President Obama’s statement yesterday about “systemic failure” in the security system will undoubtedly give his opponents and political opportunists all the room they need to point and say he’s weak on defense or not taking it seriously or waiting too long to say anything or not carrying on like a banshee when he does speak up. That noise is meant to distract you from the fact that the system he’s saying is broken was put in place by the people who are now making the most noise, that his taking three days to respond to the incident is twice as fast as the response the Bush administration had in the case of Richard “Shoe Bomber” Reid, and the response then was very understated because then, as now, they weren’t sure what they were dealing with. At the time, the response by a lot of people to the Bush’s laconic response wasn’t a purple-faced shriek from a congressman running for governor of Michigan, but rather a bit of relief that people were not over-reacting to the incident, especially since it took place three months after the attacks of September 11, 2001. Mr. Reid was tried and convicted in a civil court, afforded all the legal rights under the laws and the Constitution of the United States, and is now spending the rest of his life in the Supermax prison in Colorado. When Mr. Abdulmutallab goes to trial, it should be under the same circumstances since, after all, it would only be for political reasons that he would receive different treatment. (In one respect, the system did work flawlessly: the Obama administration did something, and the right-wing had a full-tilt off-with-their-heads knee-jerk — emphasis on “jerk” — response. It never fails.)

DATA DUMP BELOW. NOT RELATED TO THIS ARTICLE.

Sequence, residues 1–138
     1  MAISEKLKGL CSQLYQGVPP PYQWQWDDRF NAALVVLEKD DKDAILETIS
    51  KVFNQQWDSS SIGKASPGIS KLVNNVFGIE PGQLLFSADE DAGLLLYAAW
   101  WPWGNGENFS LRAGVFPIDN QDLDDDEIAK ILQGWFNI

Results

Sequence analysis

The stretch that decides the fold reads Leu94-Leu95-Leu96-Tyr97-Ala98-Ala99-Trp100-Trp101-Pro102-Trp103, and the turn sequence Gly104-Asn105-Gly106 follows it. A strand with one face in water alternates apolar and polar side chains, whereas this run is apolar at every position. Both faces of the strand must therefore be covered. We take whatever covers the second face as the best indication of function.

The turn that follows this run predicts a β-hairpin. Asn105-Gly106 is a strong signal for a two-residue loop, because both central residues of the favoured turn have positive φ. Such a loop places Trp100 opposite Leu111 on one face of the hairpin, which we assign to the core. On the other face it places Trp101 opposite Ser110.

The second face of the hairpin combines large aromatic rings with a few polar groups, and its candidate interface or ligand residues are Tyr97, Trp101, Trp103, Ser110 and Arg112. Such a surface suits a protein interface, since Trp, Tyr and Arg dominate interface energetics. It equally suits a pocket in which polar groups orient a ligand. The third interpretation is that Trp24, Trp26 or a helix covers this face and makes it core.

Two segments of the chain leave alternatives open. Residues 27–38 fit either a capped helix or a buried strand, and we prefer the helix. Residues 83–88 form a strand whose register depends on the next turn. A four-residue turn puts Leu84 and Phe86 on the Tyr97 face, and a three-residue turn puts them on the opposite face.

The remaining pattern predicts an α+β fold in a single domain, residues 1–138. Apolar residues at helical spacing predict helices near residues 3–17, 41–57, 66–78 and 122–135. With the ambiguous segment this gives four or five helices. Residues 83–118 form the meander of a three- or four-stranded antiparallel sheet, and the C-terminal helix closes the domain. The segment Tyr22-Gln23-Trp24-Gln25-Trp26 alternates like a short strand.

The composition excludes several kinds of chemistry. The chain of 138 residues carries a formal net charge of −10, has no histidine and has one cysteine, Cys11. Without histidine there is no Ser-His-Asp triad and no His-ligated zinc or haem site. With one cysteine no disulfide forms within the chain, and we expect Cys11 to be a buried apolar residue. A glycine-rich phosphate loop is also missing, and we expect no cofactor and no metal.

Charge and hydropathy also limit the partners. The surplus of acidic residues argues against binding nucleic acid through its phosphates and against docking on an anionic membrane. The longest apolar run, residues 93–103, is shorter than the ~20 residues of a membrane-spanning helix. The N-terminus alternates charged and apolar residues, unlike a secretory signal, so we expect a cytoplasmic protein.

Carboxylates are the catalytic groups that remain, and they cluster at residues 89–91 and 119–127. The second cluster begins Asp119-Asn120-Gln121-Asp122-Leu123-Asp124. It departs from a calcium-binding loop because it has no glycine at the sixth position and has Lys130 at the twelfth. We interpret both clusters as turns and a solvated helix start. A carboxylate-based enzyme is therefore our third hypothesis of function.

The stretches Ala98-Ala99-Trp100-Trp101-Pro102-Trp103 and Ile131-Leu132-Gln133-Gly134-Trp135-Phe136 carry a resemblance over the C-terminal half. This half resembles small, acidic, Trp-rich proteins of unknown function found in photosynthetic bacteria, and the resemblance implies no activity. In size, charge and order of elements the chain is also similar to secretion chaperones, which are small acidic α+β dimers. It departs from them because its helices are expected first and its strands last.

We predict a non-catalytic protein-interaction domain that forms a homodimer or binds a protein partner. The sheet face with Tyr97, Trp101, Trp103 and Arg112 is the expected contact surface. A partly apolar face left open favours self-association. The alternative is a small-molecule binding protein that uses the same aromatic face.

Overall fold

The Obama administration has a lot to answer for. They’re the ones in charge, and they are the grown-ups now. As tempting as it may be, it’s not going to make travel any safer if we keep reminding ourselves that the Department of Homeland Security has been without a leader because a right-wing senator is holding up the confirmation, or that some of the people who trained Mr. Abdulmutallab were released from Gitmo in November 2007 to attend “art therapy rehabilitation program” in Saudi Arabia, or that it was both the Dutch and the Nigerian authorities who allowed him to get on the plane in the first place.
If there is any comfort in what the president said yesterday, is that he admitted that things didn’t work the way they should have. That’s a far cry from previous administrations that refused to admit that they had screwed up for fear of handing their opponents some kind of crowing rights amongst the Villagers. That would happen no matter what, and if the president isn’t quick enough on the draw for Maureen Dowd, well, dems da berries. If heads roll and someone gets fired or is forced to resign, be it Secretary Napolitano or someone else, let it be because of a real failure to do the job, not for the sake of political expediency.